The Creative Journey

I was fed up. I placed two paintings I’d just removed from a gallery up against my studio wall. Small scratches were visible on one of the frames and the other painting hadn’t sold because “it had too much red,” according to the gallery owner.

I sat down with a discouraged sigh. Was I in a rut, bored with the painting process, just plain tired or all of the above? During my years of painting, I’d grown used to uplifting, fertile periods interspersed with seasons of drought. But suddenly it seemed impossible to rekindle any flames of creative desire.

I started to take an inventory of my life. Something was missing. I realized that the most fulfilling times of my life were those in which I’d been learning something new, like when I began painting. I needed to take on a new challenge.

I scanned the bookshelves in my studio and among the painting titles I noticed several like Is there a Book Inside You?, Writer’s Block and How to Use It and various other writing guides. I couldn’t remember when or why I’d purchased them. I must have had a desire to write at some point, but all of my creative energy had gone into painting.

My interest in writing was piqued again, but soon my censor took over. It’s too late. You’re too old. You can’t give up painting to chase a new interest and on and on. I decided to sign up for a correspondence writing course in spite of my doubts. I told myself I could continue painting.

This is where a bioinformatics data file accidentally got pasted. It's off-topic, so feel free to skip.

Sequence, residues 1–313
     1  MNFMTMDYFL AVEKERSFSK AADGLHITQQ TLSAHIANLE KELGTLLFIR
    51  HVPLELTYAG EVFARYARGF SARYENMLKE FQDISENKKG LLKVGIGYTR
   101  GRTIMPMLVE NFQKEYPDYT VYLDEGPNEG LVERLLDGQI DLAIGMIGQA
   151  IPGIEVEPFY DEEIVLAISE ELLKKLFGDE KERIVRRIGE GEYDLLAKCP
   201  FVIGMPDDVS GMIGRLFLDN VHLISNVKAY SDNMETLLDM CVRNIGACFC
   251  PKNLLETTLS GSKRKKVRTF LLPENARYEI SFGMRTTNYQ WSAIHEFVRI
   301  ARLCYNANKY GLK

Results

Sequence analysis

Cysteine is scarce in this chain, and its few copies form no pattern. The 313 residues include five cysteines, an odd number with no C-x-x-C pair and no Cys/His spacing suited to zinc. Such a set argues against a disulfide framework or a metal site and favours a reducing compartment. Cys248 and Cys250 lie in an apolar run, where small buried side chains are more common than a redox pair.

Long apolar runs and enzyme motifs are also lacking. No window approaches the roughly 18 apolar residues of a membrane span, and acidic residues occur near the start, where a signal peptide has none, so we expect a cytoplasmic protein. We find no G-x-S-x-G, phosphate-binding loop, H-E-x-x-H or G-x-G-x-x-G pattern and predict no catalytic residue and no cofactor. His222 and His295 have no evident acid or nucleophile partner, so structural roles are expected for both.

After only a few writing lessons, I began to see my paintings in a new light. It was obvious I hadn’t been doing my best work. Somewhere along the way I’d lost that sense of joy and spontaneity. Along with my newfound creative outlet, the excitement and desire to paint returned full force. Now I approach new ideas and new paintings with enthusiasm. The quality of my work has improved dramatically.

A gallery owner once told me, “You have to be happy to be a good artist.” How true that proved to be. Trying a different medium, a new location or improving your workspace can help recharge your creativity, but for me it meant exploring a completely different creative endeavor. One creative field supplies nourishment for another; no wonder so many actors and singers also paint or sculpt. We need not paint ourselves into a corner. We must be open to the possibilities. I may never write a bestseller or paint a masterpiece, but the creative journey is reward enough.

Mark Gottsegen is an associate professor of art at the University of North Carolina at Greensboro and chair of the ASTM subcommittee on artist’s materials.

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